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April 06, 2014


An interesting write-up up until the end.

It appears that Breyer wants his cake of "cannot just say LON and apply it" (for patentees) and to eat it too (for Justices to say "abstract" and apply it), when what is abstract and what is not is muddled by opposing viewpoints.

While the Justices may want to have a narrow focus, would such a focus even begin to address everything on the record for this case - from the stipulation (something often overlooked in many other analysis) to the scream for 'something more' from the CAFC,...

...would anything less than an answer to the question presented - itself a broad question - suffice? I remain...


Given my review of the oral argument transcript, it's possible there could be a "split the baby" decision: (1) Alice Corps' claimed method most likely will be deemed patent-ineligible under 35 USC 101 (by 7-9 Justices, Scalia and Thomas being the only ones I'm not sure of) based on no clear computer-implemented recitation in the claims; and (2) Alice Corps' claimed system deemed patent-eligible under 35 USC 101 because it is clearly computer-implemented (essentially the 4 Justice plurality from Bilski that sided with Kennedy, plus Scalia who now appears to recognize that computer-implementation means something this context). Not a "for certain," but a distinct possibility.

I would also add that any attempt to sculpt a narrow result will necessarily create more room for those whom Breyer would hold in contempt (the scriveners of the world) to play with language and attempt to obtain patent coverage for inventions that can be described in the very broad terms of the categories of 101 and that have utility that people will want to have.

Yes, I know the Court never likes bright line rules, but they cannot play in the shadows of grey themselves and realistically believe that only they will play in that grey zone they create.

The Court's waffling here reminds me of something my late friend Ben Parker would often say: With great power comes great responsibility.

It appears that the Court wants to be able to keep its power of drafting implicit patent law (as can be seen with Breyer's comment in Prometheus about the refusal of the Court to let its exceptions to become dead letters), and yet not have the concomitant responsibility for articulating exactly, clearly, and concisely, the bounds by which applicants can approach patent law and charge their scriveners with obtaining the fullest coverage of protection that they have a right to under the law.

I offer this humble challenge: Justice Breyer, tear down the wall of uncertainty and remove the unknowable barrier that the Court has erected.

"I offer this humble challenge: Justice Breyer, tear down the wall of uncertainty and remove the unknowable barrier that the Court has erected."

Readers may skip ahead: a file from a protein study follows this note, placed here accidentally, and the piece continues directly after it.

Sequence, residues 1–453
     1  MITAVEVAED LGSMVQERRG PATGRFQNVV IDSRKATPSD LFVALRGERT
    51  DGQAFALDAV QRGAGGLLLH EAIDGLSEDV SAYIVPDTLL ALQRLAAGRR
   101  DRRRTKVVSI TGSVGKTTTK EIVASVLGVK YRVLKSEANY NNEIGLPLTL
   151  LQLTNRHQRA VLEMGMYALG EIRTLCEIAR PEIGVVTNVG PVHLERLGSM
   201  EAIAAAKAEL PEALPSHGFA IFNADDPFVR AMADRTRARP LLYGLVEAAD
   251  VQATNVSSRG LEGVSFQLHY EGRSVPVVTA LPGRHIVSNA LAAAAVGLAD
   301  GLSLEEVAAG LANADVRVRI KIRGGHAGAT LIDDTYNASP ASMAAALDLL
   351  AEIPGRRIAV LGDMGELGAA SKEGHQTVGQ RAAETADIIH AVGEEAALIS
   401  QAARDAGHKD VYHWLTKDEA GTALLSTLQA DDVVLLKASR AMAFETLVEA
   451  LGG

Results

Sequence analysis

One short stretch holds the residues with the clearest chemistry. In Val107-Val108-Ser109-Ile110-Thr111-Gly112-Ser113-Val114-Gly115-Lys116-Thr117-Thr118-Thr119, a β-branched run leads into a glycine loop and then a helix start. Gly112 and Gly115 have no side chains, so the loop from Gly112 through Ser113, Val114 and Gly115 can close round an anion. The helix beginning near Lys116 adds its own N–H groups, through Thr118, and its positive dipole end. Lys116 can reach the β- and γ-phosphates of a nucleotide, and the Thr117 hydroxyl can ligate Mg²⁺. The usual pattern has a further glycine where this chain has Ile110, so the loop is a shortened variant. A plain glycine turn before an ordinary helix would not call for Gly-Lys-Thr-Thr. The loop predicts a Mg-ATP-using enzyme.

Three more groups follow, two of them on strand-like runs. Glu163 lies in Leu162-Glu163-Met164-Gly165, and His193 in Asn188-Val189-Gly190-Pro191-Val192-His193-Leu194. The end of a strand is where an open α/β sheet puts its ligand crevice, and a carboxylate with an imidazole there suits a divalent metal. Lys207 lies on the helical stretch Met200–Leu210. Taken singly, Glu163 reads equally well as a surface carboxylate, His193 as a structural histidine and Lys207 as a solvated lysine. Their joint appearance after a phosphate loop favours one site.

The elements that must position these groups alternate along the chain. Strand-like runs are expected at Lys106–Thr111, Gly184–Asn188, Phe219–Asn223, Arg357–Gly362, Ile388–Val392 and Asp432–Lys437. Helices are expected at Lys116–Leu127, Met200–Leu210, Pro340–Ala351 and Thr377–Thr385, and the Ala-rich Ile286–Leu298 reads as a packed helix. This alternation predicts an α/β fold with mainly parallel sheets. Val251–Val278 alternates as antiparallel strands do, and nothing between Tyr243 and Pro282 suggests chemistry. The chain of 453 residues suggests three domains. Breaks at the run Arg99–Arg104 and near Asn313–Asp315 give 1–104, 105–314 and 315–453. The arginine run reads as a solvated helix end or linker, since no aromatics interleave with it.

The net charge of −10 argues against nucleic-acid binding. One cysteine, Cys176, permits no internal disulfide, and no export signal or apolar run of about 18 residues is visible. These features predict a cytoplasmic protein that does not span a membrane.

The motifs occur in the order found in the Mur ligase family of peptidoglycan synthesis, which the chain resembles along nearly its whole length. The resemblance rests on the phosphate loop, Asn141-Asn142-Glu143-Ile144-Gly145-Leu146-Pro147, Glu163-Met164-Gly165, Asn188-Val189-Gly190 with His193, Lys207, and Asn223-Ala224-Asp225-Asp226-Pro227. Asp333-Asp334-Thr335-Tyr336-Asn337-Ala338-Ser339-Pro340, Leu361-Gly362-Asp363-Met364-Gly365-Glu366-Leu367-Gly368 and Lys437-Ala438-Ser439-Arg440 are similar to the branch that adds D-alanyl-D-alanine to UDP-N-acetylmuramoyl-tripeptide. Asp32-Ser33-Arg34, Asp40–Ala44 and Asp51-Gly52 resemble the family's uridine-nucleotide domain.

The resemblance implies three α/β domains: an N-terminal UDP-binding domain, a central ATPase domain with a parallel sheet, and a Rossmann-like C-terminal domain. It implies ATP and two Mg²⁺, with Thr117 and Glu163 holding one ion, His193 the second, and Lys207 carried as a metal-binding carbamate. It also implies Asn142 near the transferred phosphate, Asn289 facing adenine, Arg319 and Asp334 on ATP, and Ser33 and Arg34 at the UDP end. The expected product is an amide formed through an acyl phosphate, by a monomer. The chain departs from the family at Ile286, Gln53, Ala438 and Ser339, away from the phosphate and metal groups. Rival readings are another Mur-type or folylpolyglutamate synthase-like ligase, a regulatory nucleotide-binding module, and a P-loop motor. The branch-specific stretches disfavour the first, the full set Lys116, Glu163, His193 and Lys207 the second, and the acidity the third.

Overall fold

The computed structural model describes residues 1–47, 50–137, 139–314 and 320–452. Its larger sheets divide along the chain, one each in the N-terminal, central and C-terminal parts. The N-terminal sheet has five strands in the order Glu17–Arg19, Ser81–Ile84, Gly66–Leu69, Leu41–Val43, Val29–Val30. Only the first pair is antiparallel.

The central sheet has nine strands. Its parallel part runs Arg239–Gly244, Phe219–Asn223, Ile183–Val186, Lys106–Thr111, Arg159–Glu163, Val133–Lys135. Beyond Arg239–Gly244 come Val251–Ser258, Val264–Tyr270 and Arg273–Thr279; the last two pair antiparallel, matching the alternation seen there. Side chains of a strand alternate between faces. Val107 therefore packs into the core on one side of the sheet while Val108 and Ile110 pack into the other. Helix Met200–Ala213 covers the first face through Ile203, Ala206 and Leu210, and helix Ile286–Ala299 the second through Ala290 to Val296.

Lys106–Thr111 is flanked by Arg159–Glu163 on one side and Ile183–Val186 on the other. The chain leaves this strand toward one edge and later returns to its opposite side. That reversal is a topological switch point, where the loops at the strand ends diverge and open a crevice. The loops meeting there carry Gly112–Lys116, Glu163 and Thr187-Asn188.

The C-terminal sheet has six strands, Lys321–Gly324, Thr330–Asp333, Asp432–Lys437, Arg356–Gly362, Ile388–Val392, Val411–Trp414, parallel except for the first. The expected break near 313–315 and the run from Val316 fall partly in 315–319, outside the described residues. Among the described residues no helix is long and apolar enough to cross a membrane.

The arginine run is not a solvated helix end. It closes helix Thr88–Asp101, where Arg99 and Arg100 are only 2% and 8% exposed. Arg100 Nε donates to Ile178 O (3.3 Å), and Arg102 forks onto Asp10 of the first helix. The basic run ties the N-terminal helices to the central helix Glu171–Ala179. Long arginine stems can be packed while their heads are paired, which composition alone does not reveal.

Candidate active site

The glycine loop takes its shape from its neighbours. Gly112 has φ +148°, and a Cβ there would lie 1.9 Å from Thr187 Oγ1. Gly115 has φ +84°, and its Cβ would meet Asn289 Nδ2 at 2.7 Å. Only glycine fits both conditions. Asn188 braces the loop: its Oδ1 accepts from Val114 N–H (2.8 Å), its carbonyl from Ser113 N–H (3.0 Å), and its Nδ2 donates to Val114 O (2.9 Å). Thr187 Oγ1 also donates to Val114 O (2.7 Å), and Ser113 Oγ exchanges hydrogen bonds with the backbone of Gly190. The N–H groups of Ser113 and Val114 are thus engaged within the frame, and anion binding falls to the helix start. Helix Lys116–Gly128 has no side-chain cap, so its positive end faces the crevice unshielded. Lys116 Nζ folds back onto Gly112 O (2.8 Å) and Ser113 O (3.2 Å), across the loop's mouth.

Hey Skeptical,

Like the MasterCard commercial, "priceless"!

I, too, hope that the Court finds some way to clarify this aspect of Sec. 101. But aside from the approach that Judge Newman proposed, which would result in 101 being a very coarse filter and punting all considerations of prior art over to 102 and 103, I don't see how the Court is going to do that.

Mike, what would be the problem of punting prior art over to 102/103? That is where prior art jurisprudence is.

I have no problem with punting to 102/103, as doing so would simplify our lives immensely and still provide the USPTO and courts ample means with which to reject or invalidate "bad" claims.

However, I don't think that the Court is ready to walk back Breyer's analysis from Mayo just yet. They never questioned whether the abstract idea analysis should or shouldn't be handled under 101 - instead they were reaching for a rule that would permit only "good" claims through the 101 filter.


But according to Breyer, there was NO using 102/103 in the 101 question that he answered.

(Yes, I had to supress a guffaw when I typed that, but read again the opinion - that is exactly what Breyer thinks he is saying)

Then read the oral transcripts to the Alice case - Breyer is basically admitting he made up his position whole cloth and was hoping for someone else to, um, 'fill in it.' When one reads Breyer on what Breyer thinks of Breyer in Prometheus, one is left with the distinct impression of Jim Carrey in the 1994 movie The Mask with the line of "Somebody stop me!"

Confused. In Mayo, Breyer wrote "[w]e recognize that, in evaluating the significance of additional steps, the §101 patent-eligibility inquiry and, say, the §102 novelty inquiry might sometimes overlap." He went on to reject the notion of shifting parts of the 101 analysis to 102, 103 or 112.

But yes, Breyer seems to be acknowledging that Mayo didn't serve the community very well at all.

That's a nice understatement of Breyer on Breyer.

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